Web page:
Here in Oz, we have a large amount of old, established and relatively slow growing businesses. And quite often, these companies don’t have great growth prospects. So they tend to pay out much of their earnings as dividends.
Sometimes they may see few growth opportunities, so they decide to do the smart thing and not burn cash chasing unlikely growth. Instead, they sensibly pass most of the profits on to shareholders.
Other times, they may give in to dividend hungry shareholders, and end up paying out too much of their earnings. This can eventually lead to a dividend cut.
Given the above points, it’s no shock that the US sharemarket trades on a higher Price/Earnings ratio (meaning it’s more expensive) than the ASX. Because of lower payouts and higher growth expectations – people are willing to pay a higher price for a company/market that should grow earnings at a faster rate.
All else being equal, you would probably expect the companies with lower payouts to have better growth, and possibly better shareholder returns. But, it’s not a given.
I’ve actually seen research showing that companies paying out higher levels of dividends, performed better. This could be due to having an established and dominant market position, with less need for cash to grow.
Curiously, it could also be that the higher payouts force the company to be more disciplined with their capital, leading to better decisions and therefore higher returns.
Or, it could be that growth focused companies often spend without restraint because they’re chasing more growth and market-share in their industry (which may or may not pay off).
Either way, it doesn’t matter. At the end of the day, it’s just not as simple as it seems. High and low dividend payouts can be both good and bad.
Now, these returns are hypothetical. Nobody really knows the future, let alone me! But all we can do, is take the numbers we have today and make our own estimates for the future. And for simplicity, we’ll just look at earnings and dividend growth. We won’t consider share prices, for now.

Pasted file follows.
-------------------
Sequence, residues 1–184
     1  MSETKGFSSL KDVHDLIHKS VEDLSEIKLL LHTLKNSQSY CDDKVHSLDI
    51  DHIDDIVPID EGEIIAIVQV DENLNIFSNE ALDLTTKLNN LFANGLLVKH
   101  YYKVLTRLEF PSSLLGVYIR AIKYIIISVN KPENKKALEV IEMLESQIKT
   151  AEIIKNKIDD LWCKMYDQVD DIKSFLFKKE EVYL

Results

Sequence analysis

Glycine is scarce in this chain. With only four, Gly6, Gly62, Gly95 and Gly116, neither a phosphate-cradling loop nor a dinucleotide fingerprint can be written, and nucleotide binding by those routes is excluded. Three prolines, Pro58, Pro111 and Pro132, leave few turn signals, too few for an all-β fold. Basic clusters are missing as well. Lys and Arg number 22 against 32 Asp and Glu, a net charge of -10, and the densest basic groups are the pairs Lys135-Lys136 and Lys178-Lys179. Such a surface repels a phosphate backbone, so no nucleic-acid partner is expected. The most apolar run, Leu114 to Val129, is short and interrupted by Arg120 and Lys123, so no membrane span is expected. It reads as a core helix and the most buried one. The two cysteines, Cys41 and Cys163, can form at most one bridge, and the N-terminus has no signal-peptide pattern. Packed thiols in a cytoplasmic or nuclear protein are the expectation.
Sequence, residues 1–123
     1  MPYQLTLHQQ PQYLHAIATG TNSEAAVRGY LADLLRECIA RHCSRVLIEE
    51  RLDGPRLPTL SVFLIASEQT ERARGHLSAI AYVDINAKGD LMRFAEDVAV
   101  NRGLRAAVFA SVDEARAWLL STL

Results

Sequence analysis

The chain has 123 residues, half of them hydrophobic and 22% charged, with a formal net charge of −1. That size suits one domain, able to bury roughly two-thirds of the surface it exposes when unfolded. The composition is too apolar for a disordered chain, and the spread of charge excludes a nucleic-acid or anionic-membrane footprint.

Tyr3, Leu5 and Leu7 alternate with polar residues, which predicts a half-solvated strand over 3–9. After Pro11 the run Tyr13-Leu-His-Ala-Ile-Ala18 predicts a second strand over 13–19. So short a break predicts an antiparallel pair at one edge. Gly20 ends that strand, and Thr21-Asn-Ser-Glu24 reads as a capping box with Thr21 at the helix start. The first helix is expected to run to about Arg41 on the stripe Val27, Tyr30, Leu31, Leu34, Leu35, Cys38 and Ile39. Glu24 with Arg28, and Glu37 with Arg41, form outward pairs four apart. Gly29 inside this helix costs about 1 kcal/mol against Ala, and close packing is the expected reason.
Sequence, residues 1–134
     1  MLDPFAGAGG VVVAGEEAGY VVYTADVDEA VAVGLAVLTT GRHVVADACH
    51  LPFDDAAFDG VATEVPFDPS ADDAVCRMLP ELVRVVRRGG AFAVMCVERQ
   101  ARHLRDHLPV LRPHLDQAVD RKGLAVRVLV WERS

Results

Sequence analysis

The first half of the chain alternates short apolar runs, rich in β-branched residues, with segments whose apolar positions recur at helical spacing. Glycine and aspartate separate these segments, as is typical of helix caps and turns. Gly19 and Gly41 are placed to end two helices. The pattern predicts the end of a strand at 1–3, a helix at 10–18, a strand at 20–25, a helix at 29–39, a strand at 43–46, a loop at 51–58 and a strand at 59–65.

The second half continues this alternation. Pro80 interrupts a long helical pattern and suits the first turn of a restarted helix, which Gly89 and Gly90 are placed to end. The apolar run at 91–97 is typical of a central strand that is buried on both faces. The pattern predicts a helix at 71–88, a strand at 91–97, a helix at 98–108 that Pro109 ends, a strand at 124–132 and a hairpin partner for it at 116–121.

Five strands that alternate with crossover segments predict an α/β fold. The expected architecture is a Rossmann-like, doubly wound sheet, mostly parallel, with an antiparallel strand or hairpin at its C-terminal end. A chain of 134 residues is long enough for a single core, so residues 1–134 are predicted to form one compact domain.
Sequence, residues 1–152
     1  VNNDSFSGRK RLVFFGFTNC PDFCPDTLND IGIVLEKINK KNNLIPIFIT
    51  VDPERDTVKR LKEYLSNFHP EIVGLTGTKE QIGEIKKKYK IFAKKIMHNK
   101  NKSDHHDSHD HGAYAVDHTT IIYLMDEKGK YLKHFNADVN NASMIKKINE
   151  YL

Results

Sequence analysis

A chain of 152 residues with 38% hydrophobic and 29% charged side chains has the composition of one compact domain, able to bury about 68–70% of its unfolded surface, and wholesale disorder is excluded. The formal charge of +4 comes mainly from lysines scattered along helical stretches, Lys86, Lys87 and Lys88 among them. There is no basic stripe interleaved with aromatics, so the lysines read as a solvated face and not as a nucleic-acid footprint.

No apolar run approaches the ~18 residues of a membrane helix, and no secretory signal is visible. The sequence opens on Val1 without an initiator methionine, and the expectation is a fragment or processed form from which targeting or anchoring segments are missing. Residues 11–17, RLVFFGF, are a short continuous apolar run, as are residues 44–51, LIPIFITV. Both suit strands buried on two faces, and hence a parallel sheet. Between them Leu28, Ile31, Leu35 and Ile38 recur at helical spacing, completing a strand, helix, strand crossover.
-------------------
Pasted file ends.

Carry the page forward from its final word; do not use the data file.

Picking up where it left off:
Let’s take the US market first. And we’ll assume that US companies can grow their earnings strongly into the future, due to the factors above.
So, a dividend yield for the S&P 500 of 2%. Plus earnings growth of 6%.
Total return = 8%. (Maybe a bit generous, but just go with it.)
And the ASX with a dividend yield of 4%. Plus (slower) earnings growth of 3%.
Total return = 7%.
For some reason, let’s say we know the US market has a higher return for the foreseeable future. Does that mean we should focus our investing there? My answer is, not necessarily.
Dividend investors are looking to generate a strong, yet sustainable, growing income stream with their savings. By investing in the ASX, which provides higher dividend income, we can create a larger level of income for our limited dollars.
Sure, if we each had $10 million to invest, different story. Then, we’d have no trouble generating plenty of income from overseas shares. But we’re not! We’re working with much smaller sums than that! And we’re trying to create a decent income with our savings.
In my opinion, the better choice for dividend investors wanting to retire early, is the Australian sharemarket.
So, in our example, we have a higher return from US stocks, because of the higher growth rate. But we forgot something. Franking credits!
Remember, when we’re investing in diversified LICs (like Argo or AFIC for example), our dividends come with the full benefit of franking credits.